26 February, 2015

Addams Family review on Toucharcade

Toucharcade published yesterday a review on the Addams Family pinball. It is a knowledgeable piece written by Shaun Musgrave who is apparently the in-house pinball specialist. If you would like to make your own idea on the matter, you can head over to Toucharcade and read the article. (Spoiler alert! Do not read the comments. Most of them are written by people who do not get pinball).

However there are a couple of things that I did not like. First, the Farsight pinball got much more coverage, graphically speaking, than the Barnstorm/Silverball one, with a partial table capture


compared to the spartan presentation of Timeshock


Second, the latter got only four stars while the Addams Family maxed out at five. The main argument was that Timeshock is an old pinball and that this shows. Well, if Timeshock is old, how about Addams Family? 

I gave above my idea on the readers’ comments. To be fair there was one comment, in the case of Timeshock, which I found to be spot-on. It has to do with the physics engine. While the developers have promised a new engine, the released version still uses the old one. This is perfectly true and I look forward to the new engine. Still, even the old one runs circles around the Farsight engine so I do not think this is something one should complain about.

25 February, 2015

Addams family pinball

It is perhaps the best pinball ever and, in any case, it is the most successful. After a long wait it is finally available (among others) on the Mac and iDevices thanks to Farsight and a Kickstarter campaign.

Although I am a Pat Lawlor fan and I was sure that I would love this pinball I did not rush to right a positive report before having sufficiently tested the game. Today after a few dozen games I feel that I can give an unbiased account of my experience.



The game is a masterpiece that even the Farsight implementation does not manage to belittle. It has great variety with a revolving bookcase, an electric chair, magnets under the playfield, and, of course the Thing. (Mind you, I am not an Addams Family TV series or movie fan). Reaching a high score is not very difficult but progressing beyond the lowest echelon is highly non-trivial. In case it is not clear from the above I did enjoy playing the Addams Family pinball quite a lot.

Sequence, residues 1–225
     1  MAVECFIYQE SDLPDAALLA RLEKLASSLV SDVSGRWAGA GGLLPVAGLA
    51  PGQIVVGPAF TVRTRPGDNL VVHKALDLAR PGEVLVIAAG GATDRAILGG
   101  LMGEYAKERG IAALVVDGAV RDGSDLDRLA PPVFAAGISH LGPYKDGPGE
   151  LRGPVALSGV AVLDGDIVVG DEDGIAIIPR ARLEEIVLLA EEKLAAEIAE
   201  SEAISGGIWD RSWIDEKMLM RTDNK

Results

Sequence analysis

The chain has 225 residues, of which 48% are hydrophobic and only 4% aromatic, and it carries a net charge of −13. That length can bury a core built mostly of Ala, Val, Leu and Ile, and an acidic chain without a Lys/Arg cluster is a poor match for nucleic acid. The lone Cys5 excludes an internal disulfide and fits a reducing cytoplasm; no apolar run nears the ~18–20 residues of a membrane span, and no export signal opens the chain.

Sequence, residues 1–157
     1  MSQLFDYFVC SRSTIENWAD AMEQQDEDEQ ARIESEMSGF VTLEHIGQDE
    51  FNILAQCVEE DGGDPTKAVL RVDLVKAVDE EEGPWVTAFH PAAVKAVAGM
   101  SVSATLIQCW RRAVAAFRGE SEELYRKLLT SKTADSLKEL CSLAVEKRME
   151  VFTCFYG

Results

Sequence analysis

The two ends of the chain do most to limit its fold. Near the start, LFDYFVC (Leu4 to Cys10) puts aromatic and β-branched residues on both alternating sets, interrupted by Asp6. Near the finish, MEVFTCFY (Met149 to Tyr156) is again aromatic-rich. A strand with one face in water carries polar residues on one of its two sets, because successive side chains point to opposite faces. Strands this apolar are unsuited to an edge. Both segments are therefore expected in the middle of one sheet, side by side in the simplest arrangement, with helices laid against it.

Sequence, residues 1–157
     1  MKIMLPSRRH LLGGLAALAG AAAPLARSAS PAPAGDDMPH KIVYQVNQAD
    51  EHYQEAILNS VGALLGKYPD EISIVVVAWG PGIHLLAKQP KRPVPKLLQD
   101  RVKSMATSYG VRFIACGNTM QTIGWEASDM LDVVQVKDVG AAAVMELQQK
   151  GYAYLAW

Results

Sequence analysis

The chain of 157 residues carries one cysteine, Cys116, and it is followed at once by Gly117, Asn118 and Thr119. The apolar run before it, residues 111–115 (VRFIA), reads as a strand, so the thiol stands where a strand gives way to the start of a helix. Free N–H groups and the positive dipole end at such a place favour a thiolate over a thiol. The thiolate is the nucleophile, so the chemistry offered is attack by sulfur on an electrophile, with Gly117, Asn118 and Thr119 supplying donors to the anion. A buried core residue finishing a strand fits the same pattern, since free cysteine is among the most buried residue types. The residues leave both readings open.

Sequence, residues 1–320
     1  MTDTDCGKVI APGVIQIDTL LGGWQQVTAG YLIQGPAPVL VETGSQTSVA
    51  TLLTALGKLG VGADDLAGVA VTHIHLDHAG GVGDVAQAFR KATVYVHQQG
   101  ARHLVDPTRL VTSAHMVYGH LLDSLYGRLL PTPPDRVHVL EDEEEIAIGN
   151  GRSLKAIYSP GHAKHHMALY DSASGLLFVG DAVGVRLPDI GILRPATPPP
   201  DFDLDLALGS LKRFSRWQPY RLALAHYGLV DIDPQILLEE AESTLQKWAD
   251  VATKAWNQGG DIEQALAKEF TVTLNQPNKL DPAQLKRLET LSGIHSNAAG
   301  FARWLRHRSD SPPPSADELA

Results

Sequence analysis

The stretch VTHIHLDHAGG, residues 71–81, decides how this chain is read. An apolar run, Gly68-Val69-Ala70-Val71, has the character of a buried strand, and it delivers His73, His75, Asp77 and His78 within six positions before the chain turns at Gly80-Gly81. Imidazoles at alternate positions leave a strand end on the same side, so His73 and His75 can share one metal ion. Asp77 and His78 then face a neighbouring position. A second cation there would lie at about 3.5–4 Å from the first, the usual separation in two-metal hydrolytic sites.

It goes without saying that the usual misgivings of the Farsight pinballs apply here as well. It is almost impossible to find a ball that is visible in this multicoloured playfield: the green one I finally opted for is the best compromise but, still, far from satisfactory. Be that as it may, do not hesitate, to invest in this pinball. Only ProPinballs can be better than this one.

17 February, 2015

Toucharcade has an article on Timeshock

Toucharcade is a site on iOS gaming with news on released or to appear games and great reviews. I read it daily and I was particularly happy when I found an extended article on Timeshock



I suggest that you hop over to toucharcade and read the article for yourselves. It is mainly positive and stresses the fact that it is most probably the best pinball simulation ever. 

Still there are a few valid points that the author of the article is making and I would like to comment on them. The first is the unique camera angle and the fact that you have to play the game in portrait mode. Frankly, I do not understand why anybody would choose to play in landscape mode (to be fair, the article's author makes clear that he, himself, prefers the portrait orientation). 

A most annoying point where I agree 100 % with him is that there is no possibility to upgrade from the standard version to the deluxe one. I you make the mistake of buying the standard one you have later to pay the full price for the deluxe. This has to be fixed the soonest possible.

But the most important point raised by the article is the question of timetable. Here I quote the original article: